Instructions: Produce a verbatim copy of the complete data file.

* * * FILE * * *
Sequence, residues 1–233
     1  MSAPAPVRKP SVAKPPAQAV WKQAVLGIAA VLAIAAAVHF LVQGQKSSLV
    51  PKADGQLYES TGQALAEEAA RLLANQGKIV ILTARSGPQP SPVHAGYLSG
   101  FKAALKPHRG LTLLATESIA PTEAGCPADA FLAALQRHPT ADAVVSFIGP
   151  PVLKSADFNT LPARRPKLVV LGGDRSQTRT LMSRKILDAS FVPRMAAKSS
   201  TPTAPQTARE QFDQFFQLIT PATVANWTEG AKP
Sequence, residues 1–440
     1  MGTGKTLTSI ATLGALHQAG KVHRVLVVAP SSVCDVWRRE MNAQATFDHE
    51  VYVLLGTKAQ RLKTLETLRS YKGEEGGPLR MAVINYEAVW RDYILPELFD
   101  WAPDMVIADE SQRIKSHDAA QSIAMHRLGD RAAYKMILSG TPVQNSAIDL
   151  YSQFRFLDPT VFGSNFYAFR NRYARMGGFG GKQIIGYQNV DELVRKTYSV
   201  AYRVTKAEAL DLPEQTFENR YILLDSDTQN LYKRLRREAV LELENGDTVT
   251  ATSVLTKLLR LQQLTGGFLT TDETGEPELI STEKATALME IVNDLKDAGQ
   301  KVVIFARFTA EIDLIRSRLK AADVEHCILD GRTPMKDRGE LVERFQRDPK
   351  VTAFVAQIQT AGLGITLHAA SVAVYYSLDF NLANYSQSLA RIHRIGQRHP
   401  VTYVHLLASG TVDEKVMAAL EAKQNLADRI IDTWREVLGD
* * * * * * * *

Sequence, residues 1–233
     1  MSAPAPVRKP SVAKPPAQAV WKQAVLGIAA VLAIAAAVHF LVQGQKSSLV
    51  PKADGQLYES TGQALAEEAA RLLANQGKIV ILTARSGPQP SPVHAGYLSG
   101  FKAALKPHRG LTLLATESIA PTEAGCPADA FLAALQRHPT ADAVVSFIGP
   151  PVLKSADFNT LPARRPKLVV LGGDRSQTRT LMSRKILDAS FVPRMAAKSS
   201  TPTAPQTARE QFDQFFQLIT PATVANWTEG AKP
Sequence, residues 1–440
     1  MGTGKTLTSI ATLGALHQAG KVHRVLVVAP SSVCDVWRRE MNAQATFDHE
    51  VYVLLGTKAQ RLKTLETLRS YKGEEGGPLR MAVINYEAVW RDYILPELFD
   101  WAPDMVIADE SQRIKSHDAA QSIAMHRLGD RAAYKMILSG TPVQNSAIDL
   151  YSQFRFLDPT VFGSNFYAFR NRYARMGGFG GKQIIGYQNV DELVRKTYSV
   201  AYRVTKAEAL DLPEQTFENR YILLDSDTQN LYKRLRREAV LELENGDTVT
   251  ATSVLTKLLR LQQLTGGFLT TDETGEPELI STEKATALME IVNDLKDAGQ
   301  KVVIFARFTA EIDLIRSRLK AADVEHCILD GRTPMKDRGE LVERFQRDPK
   351  VTAFVAQIQT AGLGITLHAA SVAVYYSLDF NLANYSQSLA RIHRIGQRHP
   401  VTYVHLLASG TVDEKVMAAL EAKQNLADRI IDTWREVLGD